This is not based on a true story—It IS a true story.
June 27th, 1977. Madison, Wisconsin.
The two punks jumped seventeen-year-old Keith Lowry outside the Skyland Service Station after midnight.
Keith’s father owned the gas station, but that didn’t exempt the teenager from working the lonely midnight shift on a prime summer night. Keith hadn’t complained when his father told him he’d have to cover some extra hours; the other clerk had just been fired for pilfering stock off the shelves.
When Keith’s father confronted the clerk, he told him coldly that he wouldn’t press charges if and only if they never saw his face in the gas station again. The clerk had cussed and denied it, but left quickly enough. Both father and son thought that was the end of it. They were wrong.
Keith saw them as soon as he stepped out to check the pumps. He recognized the clerk immediately. Angry beyond thought, Keith jabbed one finger at the thief. “My dad gave you a big break, man. Get the hell out of here before—”.
The two punks rushed him, and their hands bunched up Keith’s T-shirt like a pair of cotton handles. They lifted him in the air, dragged him past the pumps to shadowy edge of the station, then tossed him violently to the ground. Asphalt tore his skin like road rash. Keith Lowry flipped himself over, struggling to stand. He cursed at him and then got to his hands and knees, almost making it to his feet.
Then one booted foot swung into his stomach like a leather pendulum and he was down again, on his side, his arms crossed over his wounded stomach. The two punks yammered laugher like hyenas, darting short, hard kicks at his exposed back, thighs, and shoulders, occasionally bending down to piston a quick jab into him. Keith didn’t cry or beg. He just clenched his teeth.
Brakes suddenly screeched on the nearby road and a car door clacked open. Sharp heels hit the concrete. The kicks and punches stopped and there was just silence. Keith opened one eye.
Brilliantly-lit under the gas station awning stood a tall, wide-shouldered man. He wore a navy jacket and pants, his legs were arched widely apart, one in front of the other. One hand was balled tightly at his side, and the other reached out to the two punks, the fingers heavy with gold. It beckoned to them.
A Mississippi drawl broke the silence. “I’ll take you on,” the mystery man said.
That drawl was as familiar as apple pie, cold milk, and the Star-Spangled Banner. It was the theme to I Love Lucy or the whistle announcing The Andy Griffith Show. It was as American as America.
There, karate-posing in the flesh, stood Elvis Aaron Presley, the King now come to Madison, Wisconsin, on a hot summer night at one in the morning.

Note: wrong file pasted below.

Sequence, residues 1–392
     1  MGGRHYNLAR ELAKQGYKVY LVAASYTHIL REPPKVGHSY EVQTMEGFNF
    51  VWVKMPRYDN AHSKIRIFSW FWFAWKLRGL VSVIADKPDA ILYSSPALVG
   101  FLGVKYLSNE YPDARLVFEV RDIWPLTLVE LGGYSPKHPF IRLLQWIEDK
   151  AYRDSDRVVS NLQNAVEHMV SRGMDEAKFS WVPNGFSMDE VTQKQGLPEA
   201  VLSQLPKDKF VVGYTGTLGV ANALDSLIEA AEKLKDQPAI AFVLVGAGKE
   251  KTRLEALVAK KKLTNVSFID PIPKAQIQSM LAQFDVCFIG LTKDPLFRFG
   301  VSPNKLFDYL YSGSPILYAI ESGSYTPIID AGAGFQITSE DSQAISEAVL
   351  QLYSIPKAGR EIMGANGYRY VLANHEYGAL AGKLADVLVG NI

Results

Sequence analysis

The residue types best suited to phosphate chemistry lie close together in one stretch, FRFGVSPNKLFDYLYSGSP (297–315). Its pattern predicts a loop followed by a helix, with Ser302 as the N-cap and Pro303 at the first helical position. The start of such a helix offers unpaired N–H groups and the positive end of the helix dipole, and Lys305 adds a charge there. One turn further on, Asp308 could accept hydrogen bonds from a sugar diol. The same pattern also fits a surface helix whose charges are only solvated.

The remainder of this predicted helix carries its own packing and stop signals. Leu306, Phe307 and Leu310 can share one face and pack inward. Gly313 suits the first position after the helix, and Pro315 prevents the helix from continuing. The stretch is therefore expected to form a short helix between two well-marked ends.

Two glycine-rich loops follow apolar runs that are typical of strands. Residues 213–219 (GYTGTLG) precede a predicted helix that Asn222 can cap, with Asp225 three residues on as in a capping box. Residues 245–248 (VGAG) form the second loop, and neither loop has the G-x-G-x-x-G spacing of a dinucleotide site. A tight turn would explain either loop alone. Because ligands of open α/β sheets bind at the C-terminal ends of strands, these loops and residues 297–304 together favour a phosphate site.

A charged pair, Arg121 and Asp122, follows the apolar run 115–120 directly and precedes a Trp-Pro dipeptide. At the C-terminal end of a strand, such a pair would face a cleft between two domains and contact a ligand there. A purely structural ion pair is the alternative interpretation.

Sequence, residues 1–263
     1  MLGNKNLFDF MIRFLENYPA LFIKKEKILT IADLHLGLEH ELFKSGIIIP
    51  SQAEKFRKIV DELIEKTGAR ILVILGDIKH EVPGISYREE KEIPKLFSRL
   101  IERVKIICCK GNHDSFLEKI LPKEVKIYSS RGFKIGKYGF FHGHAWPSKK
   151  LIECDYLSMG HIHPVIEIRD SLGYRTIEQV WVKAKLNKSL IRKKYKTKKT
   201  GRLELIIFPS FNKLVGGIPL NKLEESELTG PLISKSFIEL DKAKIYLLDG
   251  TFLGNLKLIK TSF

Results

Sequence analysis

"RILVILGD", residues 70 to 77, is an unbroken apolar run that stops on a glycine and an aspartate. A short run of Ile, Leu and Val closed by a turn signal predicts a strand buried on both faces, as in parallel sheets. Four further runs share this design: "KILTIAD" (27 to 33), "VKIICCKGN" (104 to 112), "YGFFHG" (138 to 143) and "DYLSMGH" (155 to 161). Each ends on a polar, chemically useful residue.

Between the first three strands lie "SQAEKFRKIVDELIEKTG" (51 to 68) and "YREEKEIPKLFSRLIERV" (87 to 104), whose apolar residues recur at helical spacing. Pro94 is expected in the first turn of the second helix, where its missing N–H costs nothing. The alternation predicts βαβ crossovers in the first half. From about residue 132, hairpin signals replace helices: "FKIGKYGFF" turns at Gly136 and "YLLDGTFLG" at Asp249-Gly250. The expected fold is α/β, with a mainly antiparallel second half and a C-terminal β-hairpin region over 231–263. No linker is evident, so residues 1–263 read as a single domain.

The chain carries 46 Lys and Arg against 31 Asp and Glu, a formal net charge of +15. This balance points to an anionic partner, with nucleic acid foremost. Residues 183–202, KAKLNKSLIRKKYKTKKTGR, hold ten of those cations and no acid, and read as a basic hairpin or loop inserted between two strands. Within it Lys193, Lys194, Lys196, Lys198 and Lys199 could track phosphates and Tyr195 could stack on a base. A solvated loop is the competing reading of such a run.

Elvis jabbed out his tucked fist in a flash of navy and gold. The two punks blinked, silenced from surprise and being star struck. Seeing Elvis was a shock, but so was witnessing firsthand the harsh toll the years had taken on the King of Rock and Roll. His sweaty cheeks were rounded and pale, pushing against the frames of the smoky aviator sunglasses. A fleshy mound waddled beneath his chin. The zipper of the navy jacket, which sported an official DEA insignia, strained against his paunch belly. Beneath the jacket, the sequins of his stage jumpsuit gleamed.
Everyone had heard Elvis had gotten fat, but he didn’t exactly look fat. He looked…overstuffed, like a sausage casing ready to burst. Unhealthy. Most of all, Elvis’s eyes no longer glinted with his good-natured arrogance of the 50s and 60s. Crow’s feet crinkled around his bloodshot eyes, now as sad as they were soulful.
Keith thought he had never seen a more exhausted man in his life.
The ex-clerk and his buddy took a few steps backwards into the deeper shadows of the Madison night. Elvis chuckled, his lips pulling back in that sneered, sideways grin equal parts cool and cruel. When he did, the years and pounds and pills melted away, leaving only the King.
“The fight’s settled then, huh?” Elvis asked.
The two punks ran. Keith stood up, his body sore but not really hurt. Elvis gave him a quick up-and-down glance beneath the aviators and then nodded. Without a word he turned and swaggered back to his open limo door. By now a dozen vehicles had stopped by the gas station, car windows filled with gaping, open mouths. A handful of brave souls minced up to Elvis. Although he greeted them, he didn’t break stride in getting back in his car. A bodyguard held the door and slammed it shut as soon as Elvis was in.
Seconds later, Elvis had faded into a red blur of taillights.
Keith knew the story was unbelievable, but he also knew it would become believable with so many witnesses. He didn’t know what to say or if he should say anything at all to the gawkers. Instead, he walked silently back inside his father’s gas station and called home.
Less than two months later, a 42-year-old Elvis Aaron Presley died from a combination of prescription drugs, exhaustion, and chronic cardiac stress. Over 80,000 fans, family, and friends lined the streets for his funeral procession. He is interred with his family at Graceland, which has welcomed over 20 million visitors since 1977.
Baby…you better believe it.